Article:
Once I got off the plane in Santiago, I was plunged, unreadily, into the world that would be my home for almost a year. I say unreadily because my only regret is that I didn't spend as much time with my friends and family as I should have before I left. But once I arrived in Chile I began to lead a life that to my family and friends back home, is new, exciting, different, perhaps a dream life even. I don't know. A life they could only imagine about.
Now I have been leading this life for three months. A typical Chilean life, that the other 16 million people in this country lead. I go to school, do chores, socialise with friends, try doing homework, and live as part of a Chilean family. Through these three months I know I have changed. I don't mean changed as in my personality as much (Nic: Anita's crazy but we love her. Sound true enough?) But now things that concerned me, and where I want to go in my life has changed. If I had lived these three months in New Zealand like a normal Kiwi, I know I wouldn't have become as worldly, and enriched as I have become in Chile.
I wouldn't have seen poverty, I wouldn't have felt so isolated, I wouldn't have learnt so much about myself if I hadn't chosen to do an exchange.
I used to love a book about a boy with cancer who had a notebook that would take him to a different world if he fell asleep thinking of that world. In that different world he lead a life full of danger and mystery, while back in his own world he was bedridden and fading away. He got to experience two worlds in one lifetime, but eventually had to give up on one world.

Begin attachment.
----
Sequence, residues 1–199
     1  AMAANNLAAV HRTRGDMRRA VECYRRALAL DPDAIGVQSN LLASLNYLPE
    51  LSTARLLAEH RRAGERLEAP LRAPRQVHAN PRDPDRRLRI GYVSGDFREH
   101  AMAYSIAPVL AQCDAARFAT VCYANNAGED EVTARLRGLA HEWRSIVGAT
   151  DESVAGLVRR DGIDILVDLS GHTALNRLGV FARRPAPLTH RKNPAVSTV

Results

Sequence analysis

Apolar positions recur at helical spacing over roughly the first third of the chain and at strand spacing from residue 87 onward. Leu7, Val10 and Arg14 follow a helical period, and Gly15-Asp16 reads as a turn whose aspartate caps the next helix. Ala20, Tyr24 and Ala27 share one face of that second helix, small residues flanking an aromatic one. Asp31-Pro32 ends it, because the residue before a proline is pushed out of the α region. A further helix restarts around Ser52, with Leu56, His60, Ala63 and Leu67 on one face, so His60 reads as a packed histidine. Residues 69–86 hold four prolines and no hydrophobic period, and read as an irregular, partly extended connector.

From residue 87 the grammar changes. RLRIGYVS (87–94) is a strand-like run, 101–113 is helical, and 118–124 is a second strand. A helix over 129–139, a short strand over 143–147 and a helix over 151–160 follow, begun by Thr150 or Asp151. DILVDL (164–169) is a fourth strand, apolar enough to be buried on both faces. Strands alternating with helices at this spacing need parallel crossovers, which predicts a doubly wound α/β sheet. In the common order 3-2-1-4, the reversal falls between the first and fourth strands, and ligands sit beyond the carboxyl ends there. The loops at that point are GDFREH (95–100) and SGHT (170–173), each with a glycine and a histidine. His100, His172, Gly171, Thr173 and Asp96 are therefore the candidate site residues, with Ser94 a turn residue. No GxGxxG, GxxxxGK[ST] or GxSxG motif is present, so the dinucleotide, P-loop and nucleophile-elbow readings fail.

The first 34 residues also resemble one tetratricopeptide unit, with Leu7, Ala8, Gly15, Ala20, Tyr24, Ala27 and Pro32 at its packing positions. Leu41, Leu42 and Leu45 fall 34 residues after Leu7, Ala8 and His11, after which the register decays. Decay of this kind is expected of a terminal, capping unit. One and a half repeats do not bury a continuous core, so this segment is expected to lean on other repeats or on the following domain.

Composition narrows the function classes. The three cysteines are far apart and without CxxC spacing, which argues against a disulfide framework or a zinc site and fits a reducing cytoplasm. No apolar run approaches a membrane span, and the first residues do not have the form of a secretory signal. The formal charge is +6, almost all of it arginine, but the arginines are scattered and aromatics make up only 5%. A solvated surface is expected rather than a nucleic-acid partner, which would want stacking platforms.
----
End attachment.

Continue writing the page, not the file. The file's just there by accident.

I am a bit like that boy (except I'm not a boy, and I'm healthy). My life here is something surreal at times. I have moments when I think 'whoa, I'm in Chile!' But the thought that I'll have to return home also scares me. I'm happy with both the places I live, Chile and New Zealand. They're different, in obvious and subtle ways. But they're both Home.
Communication has become easier. After three months, conversational Spanish is pretty much understandable, and I can contribute to a conversation, as well as understand more without having to translate. And that does make life SO much easier!
Friends are friends, not people who are interested in the Foreign Exchange Student. I know now they are friends with me because they actually like me, not because I'm new and interesting!
Family is family. I feel like less of an outsider, although at times I do still feel like an outsider, but that's only natural becuase they have been a family for years and years and I have been in the family for three months!
I've learnt to be more patient. That if I wait it out, it will be okay in the end. And if it's not ok, it's not the end. I've learnt what makes me happiest can also be what causes the most pain. I've learnt to go with the flow and not worry about where that might take me. I've learnt that I can put my full trust in some people because I can't not do that. I've learnt that even if I try my best, it might not show, and to cope with that when it doesn't. I've learnt to be more self-sufficient, think more for myself, and be more independant. I've learnt that in these three months I've changed more than I have expected, and am happy with where I am now.
I've learnt that life is for living, that I have to take every moment as it comes, embrace life, live if to the full and not have any regrets.
I've learnt that time goes faster that I ever imagined, and that if these three months have passed, I only have eight left, and I have to carry on making the most of every minute.